So, you go to the Dealer/Sewing Center and you talk to the owner/salesperson and explain the type of machine you want. (You did remember to bring your wish list and questions didn't you?) After listening to your wishlist, the owner/salesperson will gently direct you to a machine that will suit your needs and maybe have a few extras. Sit down, relax, and get a demonstration. Watch how the machine performs, the steps it takes to get a particular stitch or technique done. Now, you tell the owner/salesperson you want to try it. They'll be happy to let you play. Don't be embarrassed or timid. It's your money, and you want to spend it wisely. Sit behind the wheel and test drive it! Test the stitches, test the button holes, refer to your questions, and see if it all feels comfortable to you! If it doesn't, say thank you and leave. Repeat this step as many times as necessary.

Stitch quality and ease of operation is very important. The learning curve shouldn't be confusing and time consuming. The dealer should provide you with free lessons, regardless of how much the machine costs. Ask the dealer if they do their own repairs, or if they farm them out to a third party. The fact that you can talk to the in-house service person and discuss the issues you may be having, is a definite plus. When repairs are sent out to a third party, you rarely can speak with the person who did the repairs, and you may wind up bringing the machine back several times. Nothing is more frustrating than a machine that has mechanical issues. The "issues" always seem to happen when you're in the middle of a deadline project, like your daughter's wedding gown! A good quality, reliable sewing machine, makes any project you tackle easier, and the end result so much better. Last, but not least, make sure you get a warranty. Even if you buy a good used or refurbished sewing machine, the dealership should give you some kind of a warranty. Be sure you get one and that you understand it.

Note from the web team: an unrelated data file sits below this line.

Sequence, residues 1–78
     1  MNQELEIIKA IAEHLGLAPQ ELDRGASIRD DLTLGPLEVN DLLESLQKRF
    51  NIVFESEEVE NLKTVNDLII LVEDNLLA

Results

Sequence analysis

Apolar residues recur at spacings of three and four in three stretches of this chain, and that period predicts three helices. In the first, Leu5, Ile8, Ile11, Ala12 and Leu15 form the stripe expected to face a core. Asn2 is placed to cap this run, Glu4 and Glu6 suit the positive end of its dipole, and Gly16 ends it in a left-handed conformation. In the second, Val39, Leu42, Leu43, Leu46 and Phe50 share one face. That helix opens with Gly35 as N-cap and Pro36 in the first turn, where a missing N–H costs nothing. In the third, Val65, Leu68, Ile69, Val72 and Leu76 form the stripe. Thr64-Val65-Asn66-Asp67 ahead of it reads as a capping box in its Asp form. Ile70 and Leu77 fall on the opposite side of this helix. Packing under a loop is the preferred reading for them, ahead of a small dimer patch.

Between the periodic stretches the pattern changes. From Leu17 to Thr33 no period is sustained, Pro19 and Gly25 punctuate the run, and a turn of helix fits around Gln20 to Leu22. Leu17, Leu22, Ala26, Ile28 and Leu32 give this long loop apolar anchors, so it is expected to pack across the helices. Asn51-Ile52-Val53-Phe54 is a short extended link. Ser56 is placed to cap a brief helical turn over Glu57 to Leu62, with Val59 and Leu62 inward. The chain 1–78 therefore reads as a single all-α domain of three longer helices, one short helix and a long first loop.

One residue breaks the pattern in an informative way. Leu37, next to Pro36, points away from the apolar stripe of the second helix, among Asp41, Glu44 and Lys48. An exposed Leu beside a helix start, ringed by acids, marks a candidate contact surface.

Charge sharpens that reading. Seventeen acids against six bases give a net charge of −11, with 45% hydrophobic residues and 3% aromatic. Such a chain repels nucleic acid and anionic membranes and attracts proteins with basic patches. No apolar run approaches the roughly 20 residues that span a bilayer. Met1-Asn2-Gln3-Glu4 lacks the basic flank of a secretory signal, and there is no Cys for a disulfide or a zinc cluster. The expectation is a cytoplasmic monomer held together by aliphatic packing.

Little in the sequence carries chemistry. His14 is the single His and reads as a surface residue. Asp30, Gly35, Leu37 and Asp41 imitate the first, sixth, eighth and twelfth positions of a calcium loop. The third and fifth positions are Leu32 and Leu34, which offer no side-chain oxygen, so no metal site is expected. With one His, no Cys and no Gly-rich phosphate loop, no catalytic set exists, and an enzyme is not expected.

I'm a firm believer in buying the best sewing machine you can afford. Even if you wind up with more bells and whistles than you feel you'll ever need, you'll never regret it. You'll enjoy your sewing adventures more, and feel encouraged and excited to go on to more challenging projects.

Hooray! Your research has paid off! You've found the perfect sewing machine! Congratulations! I've babbled on I know, but I sincerely want you to be happy with your purchase. I want you to enjoy your sewing experience, and expand your sewing knowledge. I want you to enjoy the creative process and revel in the accomplishments, and the compliments. And lastly, I want you to pat yourself on the back for being a very savvy shopper!

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1 comment:

  1. You have given such good advice! I am enjoying reading all your posts (instead of heading for bed like I should). I just finished my block of the month due at our guild meeting next week so I thought I would quickly check my emails. Ha!
    I am a memeber of Carried Away Bags and have an etsy shop. I post some of the things I make at Winding Threads. Karen